To give an idea of the patience needed for this technique: anOrdain’s Model 2 uses a subtly domed dial to create a gradient effect in the enamel finishing. The “dome” is slight, with the high point just 0.2 millimetres above the low point of the dial. This means the hammering is executed nearly at the micron level, with the artisan fashioning tiny dents into a slice of silver no thicker than the average fingernail.

A pitted dial from Scottish makers anOrdain.

When asked how anOrdain has managed to keep its trademark affordable pricing, even while employing time-intensive techniques such as hammering, Heath emphasized the importance of investing in internal production. Much in the same way that Shapiro mentioned the importance of machinery in executing engine turning, so too has anOrdain invested in workshops, machinery, and skilled artisans to execute its dials.


While Audemars Piguet’s tapisserie dials are rooted in the tradition of engine turning, the brand’s modern workshop uses a slightly different technique to achieve the instantly recognizable pattern on its Royal Oak dials.

Audemars Piguet uses a brocading machine, a tool that maintains a hand-made element to the dial-making process, but allows higher production than the entirely manual methods used by artisans like Smith and Shapiro. Unlike a traditional rose engine lathe, a brocading machine has a motor, meaning it can carve a pattern into a dial more autonomously. While a rose engine machine relies entirely on human touch to make its cuts, a brocading machine’s motor ensures the dial is cut in a precise, repeatable fashion.

Two of the more rare colours that you'll find in the iconic tapisserie.

Straddling the line between traditional, entirely handmade designs but yet not quite being a modern automated process, this machine uses a pantograph-like system to engrave the tapisserie pattern into a dial blank. On one side of the pantograph sits a large medallion replica of the Royal Oak’s tapisserie pattern; the machine essentially traces this design, reducing it in size and engraving it onto the dial.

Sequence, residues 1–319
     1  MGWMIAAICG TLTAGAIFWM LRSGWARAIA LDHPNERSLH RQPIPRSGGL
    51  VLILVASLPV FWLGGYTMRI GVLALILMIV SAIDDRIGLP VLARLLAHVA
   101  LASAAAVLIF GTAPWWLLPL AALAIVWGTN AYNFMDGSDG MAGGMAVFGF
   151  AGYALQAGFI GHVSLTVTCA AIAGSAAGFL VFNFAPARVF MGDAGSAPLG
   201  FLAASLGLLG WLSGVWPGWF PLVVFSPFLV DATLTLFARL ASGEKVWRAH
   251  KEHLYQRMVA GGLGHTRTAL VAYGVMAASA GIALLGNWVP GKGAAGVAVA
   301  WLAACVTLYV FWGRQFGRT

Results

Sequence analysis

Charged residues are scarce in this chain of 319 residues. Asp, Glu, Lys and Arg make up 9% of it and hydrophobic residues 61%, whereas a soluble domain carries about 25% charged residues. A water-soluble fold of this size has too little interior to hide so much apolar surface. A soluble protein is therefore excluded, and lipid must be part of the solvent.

This method is a substantial step above the stamping or automated CNC machining many modern brands might use to imitate the intensive, manual process of engine turning. As one might expect, the CNC process involves a type of 3-D printing with computer generated models and programming involved, turning the dials into instruments of precision, but lacking the human touch that we have explored and celebrated so far.

Finishing Thoughts

Equal parts art, science, and engineering, dial finishing techniques have evolved since the days of Breguet alongside the advancement of those disciplines. However, in their purest form, these techniques remain recognizable across generations, with modern artisans like Josh Shapiro and Roger Smith still drawing on the knowledge of Breguet, both relying on it and building upon it in equal measure.

The dial contains centuries of culture, stories, and secrets, all packed in a wafer of metal that measures less than one millimeter thick. It’s what has inspired artisans of haute horology like Smith and Shapiro to carry on the practice of engine turning, or Rexhepi to take a hammer to Akrivia’s dials. It has also inspired the workshops of anOrdain to challenge conventional methods and find ways for more collectors to enjoy these finishing techniques on their wrists.

It is this sense of wonder that continues to capture both artisans and collectors, eager to understand and advance the art and the science, ensuring these techniques of profound skill and engineering survive for centuries to come.

We would like to thank all of those who shared with us their time and knowledge on dial finishing, including Josh Shapiro and Lewis Heath.